saywha?, who has taken the initiative to accuse Underwood of shooting a "civilian" so early into this investigation? From the sound of his name it's a slim to probable chance that he might have been an illegal, with outstanding warrants somewhere already.

Posse Comitatus Violated By Proxy , based upon my past experiences (some personal I might add), I think false statements by officers and chiefs/sheriffs most always come to light. Rodney King was a best example. The cop's version of what took place sure didn't match what we saw in the video when it surfaced a few days after the beating. Second best example was the impalement of a suspect in New York. One cop who denied doing it finally turned state's evidence and admitted all 4 detectives were lying through their teeth. These 2 events alone did more damage to law enforcement than one can imagine. They were about the time the public started losing all faith and trusts in cops. Can we believe what Chief Sellers says about this shooting? I don't know, I do not know him that well yet. Can we believe what Underwood will say? I am inclined to think we can until he proves us wrong.

Gasbag, do you really not know the definition of "civilian?" It has nothing to do with citizenship. Also, there are lots of people with foreign sounding names like Shifflet, Hernandez, or Obama even who were born in the US or who have become citizens through a legal process. If you think that knowing a person's name tells you something about that person's predisposition to commit crimes, then I am yet again pleased to know that you no longer work in law enforcement.

First time you have somebody with a Mexican sounding name run into your car with no driver's license and no insurance, and then flee the scene no less, you might change your mind. It sounds like this is what the investigation was about when this shooting took place. They, as a very large group in this country now, are notorious for buying junk cars, lying to DMV to register and get license plates for them, and then getting involved in automotive accidents. They probably account for 50% of the uninsured vehicles on the highways in this country now. An uninsured Mexican ran into the back of my boss' car not long ago and demolished it. He also fled the scene and had to be hunted down like a rabid dog. It seems like nobody entering this country has ANY respect for our laws whatsoever. Even worse, the Boston bombers living on welfare, college loans and food stamps. While they sit back and devise methods to kill the hand that is feeding them. This country is broken whether you want to admit it or not.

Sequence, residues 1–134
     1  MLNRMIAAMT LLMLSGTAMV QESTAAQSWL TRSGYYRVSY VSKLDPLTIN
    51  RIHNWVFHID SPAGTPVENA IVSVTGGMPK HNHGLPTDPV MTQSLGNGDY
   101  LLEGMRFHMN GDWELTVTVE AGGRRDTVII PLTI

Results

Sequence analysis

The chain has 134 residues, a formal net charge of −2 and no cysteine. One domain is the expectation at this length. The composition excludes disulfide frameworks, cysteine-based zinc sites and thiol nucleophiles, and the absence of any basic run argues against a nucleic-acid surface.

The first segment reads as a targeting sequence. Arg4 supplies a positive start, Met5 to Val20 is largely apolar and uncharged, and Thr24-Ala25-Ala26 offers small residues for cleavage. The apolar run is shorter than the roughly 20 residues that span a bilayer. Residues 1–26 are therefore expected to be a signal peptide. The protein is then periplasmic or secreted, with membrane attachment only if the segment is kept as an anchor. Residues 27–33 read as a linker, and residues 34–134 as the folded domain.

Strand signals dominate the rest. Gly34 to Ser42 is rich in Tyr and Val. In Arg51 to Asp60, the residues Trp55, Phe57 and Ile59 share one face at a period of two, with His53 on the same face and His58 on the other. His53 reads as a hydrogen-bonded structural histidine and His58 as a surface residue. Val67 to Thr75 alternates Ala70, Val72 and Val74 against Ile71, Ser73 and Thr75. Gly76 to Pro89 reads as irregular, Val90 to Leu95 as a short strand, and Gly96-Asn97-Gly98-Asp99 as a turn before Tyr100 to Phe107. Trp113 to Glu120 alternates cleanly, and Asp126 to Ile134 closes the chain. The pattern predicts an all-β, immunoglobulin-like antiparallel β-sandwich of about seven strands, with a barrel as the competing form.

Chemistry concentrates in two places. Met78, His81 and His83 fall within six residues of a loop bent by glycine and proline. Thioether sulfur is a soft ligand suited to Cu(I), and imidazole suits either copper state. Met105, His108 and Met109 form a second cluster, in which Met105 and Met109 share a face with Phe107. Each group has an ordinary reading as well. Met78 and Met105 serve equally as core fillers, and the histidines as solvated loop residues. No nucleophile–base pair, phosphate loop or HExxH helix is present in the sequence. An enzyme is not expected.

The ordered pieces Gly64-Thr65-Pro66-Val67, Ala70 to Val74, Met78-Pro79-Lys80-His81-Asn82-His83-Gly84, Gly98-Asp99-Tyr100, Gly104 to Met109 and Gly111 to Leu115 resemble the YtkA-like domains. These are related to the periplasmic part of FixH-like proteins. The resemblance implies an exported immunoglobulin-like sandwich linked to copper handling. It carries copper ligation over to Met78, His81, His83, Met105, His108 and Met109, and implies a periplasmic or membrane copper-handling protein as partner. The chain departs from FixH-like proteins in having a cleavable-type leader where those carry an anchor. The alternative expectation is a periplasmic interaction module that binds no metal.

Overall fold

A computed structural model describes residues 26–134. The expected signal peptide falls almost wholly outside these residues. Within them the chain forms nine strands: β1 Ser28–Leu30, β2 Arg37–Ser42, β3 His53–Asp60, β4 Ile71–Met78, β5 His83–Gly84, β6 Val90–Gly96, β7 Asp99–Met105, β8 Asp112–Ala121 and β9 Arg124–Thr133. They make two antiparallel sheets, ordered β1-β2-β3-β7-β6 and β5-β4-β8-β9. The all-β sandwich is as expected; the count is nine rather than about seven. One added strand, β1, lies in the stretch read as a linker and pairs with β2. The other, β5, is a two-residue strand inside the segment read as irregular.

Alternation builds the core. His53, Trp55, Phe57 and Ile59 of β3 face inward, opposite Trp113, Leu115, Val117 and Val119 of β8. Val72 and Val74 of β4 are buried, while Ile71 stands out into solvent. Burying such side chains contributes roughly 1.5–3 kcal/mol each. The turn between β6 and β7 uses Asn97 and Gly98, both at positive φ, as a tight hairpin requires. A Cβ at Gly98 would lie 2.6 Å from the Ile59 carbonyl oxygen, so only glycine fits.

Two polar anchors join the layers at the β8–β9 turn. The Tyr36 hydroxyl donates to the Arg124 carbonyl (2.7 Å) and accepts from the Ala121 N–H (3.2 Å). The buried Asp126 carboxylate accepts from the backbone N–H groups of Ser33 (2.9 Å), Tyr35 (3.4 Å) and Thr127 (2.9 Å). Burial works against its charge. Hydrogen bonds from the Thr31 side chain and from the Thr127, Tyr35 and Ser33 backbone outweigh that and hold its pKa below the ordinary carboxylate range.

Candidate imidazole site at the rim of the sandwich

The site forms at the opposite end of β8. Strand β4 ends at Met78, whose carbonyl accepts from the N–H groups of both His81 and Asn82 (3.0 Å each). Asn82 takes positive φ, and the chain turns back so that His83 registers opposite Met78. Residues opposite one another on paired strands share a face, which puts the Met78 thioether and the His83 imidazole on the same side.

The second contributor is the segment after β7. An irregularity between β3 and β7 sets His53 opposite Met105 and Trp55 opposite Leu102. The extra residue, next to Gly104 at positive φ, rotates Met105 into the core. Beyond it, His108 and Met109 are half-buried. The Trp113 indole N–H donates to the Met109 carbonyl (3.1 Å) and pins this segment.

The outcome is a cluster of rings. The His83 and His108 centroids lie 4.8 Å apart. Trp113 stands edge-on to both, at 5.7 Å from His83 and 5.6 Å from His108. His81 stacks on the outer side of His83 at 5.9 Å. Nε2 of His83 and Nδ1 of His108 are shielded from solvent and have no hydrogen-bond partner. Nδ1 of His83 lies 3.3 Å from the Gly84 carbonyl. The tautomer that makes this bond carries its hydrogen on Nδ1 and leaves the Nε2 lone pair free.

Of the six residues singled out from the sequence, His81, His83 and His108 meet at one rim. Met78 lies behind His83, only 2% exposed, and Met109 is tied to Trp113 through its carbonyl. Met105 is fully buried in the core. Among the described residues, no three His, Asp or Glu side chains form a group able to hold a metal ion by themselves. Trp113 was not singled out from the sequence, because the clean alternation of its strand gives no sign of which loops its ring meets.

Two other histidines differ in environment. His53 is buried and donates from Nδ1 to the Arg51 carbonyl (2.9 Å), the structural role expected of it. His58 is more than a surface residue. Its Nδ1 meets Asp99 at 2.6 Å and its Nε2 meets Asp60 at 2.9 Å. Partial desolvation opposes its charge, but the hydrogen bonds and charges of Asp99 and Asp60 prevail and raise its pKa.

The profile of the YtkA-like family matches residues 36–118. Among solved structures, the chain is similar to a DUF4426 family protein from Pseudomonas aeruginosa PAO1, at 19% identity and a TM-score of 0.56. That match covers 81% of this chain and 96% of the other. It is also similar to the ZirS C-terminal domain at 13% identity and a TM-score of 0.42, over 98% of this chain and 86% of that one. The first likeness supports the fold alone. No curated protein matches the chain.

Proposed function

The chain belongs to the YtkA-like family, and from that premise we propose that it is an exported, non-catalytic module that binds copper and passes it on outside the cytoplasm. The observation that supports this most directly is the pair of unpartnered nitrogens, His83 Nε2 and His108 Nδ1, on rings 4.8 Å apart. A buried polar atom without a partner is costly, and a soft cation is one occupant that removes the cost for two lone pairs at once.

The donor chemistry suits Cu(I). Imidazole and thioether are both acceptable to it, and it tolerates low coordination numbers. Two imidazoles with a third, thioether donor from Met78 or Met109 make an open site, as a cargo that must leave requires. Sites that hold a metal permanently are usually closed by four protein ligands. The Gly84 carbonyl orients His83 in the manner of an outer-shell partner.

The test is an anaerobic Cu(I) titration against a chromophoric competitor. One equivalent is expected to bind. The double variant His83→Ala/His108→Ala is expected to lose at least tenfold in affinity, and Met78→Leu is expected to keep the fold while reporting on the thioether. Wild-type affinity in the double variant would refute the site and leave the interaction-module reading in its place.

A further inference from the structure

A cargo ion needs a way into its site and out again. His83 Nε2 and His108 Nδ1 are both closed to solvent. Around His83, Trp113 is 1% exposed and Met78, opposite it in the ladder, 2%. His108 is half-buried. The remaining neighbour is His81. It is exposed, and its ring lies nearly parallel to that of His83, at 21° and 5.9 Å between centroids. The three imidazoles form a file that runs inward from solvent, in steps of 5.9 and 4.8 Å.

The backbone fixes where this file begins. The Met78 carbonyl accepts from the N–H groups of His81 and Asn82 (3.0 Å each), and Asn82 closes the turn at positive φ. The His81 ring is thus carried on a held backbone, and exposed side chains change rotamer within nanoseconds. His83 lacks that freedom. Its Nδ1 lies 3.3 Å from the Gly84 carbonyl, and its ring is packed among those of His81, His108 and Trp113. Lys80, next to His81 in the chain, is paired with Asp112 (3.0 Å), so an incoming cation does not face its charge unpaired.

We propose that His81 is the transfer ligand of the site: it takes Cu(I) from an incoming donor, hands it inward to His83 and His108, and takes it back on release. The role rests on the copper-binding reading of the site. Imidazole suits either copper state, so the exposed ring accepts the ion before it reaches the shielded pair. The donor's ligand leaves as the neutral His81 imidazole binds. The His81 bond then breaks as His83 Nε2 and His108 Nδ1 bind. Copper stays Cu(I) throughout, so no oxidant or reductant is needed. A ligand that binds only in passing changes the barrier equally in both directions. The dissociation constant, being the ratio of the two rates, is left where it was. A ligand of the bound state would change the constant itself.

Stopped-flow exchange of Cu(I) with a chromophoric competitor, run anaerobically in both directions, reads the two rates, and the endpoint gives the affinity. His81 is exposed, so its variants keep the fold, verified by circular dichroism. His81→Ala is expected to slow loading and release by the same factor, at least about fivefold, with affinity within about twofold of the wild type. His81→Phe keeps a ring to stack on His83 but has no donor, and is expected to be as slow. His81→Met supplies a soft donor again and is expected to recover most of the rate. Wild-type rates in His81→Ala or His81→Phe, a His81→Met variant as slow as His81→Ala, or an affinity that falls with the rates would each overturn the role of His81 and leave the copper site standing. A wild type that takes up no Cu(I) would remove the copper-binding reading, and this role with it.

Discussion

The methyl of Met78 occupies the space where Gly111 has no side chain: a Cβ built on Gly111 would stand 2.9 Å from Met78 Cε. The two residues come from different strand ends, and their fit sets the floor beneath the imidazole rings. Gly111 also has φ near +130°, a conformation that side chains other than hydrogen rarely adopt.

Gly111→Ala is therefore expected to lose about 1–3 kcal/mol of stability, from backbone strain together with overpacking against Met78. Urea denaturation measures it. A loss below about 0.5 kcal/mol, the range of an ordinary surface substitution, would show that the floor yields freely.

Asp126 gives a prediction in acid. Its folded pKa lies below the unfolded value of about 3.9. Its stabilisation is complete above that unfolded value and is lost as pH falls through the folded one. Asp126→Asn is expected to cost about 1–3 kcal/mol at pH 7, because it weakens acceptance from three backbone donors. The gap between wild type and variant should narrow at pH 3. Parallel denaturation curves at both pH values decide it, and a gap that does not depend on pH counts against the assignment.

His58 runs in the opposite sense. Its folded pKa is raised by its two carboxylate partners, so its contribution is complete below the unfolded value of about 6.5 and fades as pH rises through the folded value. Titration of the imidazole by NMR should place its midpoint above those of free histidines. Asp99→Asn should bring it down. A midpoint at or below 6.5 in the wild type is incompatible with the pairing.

Nice off-topic rant Gasbag. You make me proud of the police force that purged you from its ranks.

Believe it or not, me too.

J. P.,

Where is the information about what happened in the moment? I have a lot of questions? You answered none. Just saying! Did he panic?

Restore the Republic, U.S. Citizen, Human, (RET) Gardner, too. Earthling.

Too many questions and too few answers. What's wrong with a truthful answer? Just asking?

Col., with all due respect: you just recited the resume of a lifetime adrenaline junkie - albeit one who found officially sanctioned outlets for his high-risk behavior (beginning at age 14, as you note).

I don't know Mr. Underwood, and only those who do are in a position to judge your entirely subjective assertion that he's a "good guy". However, he sounds like a man who, while he's found a way to channel it somewhat in acceptable ways, has a love of high-risk, high-adrenaline action, and that's not what I'd call a "cooler head", which is what I'd rather have in non-military policing activities.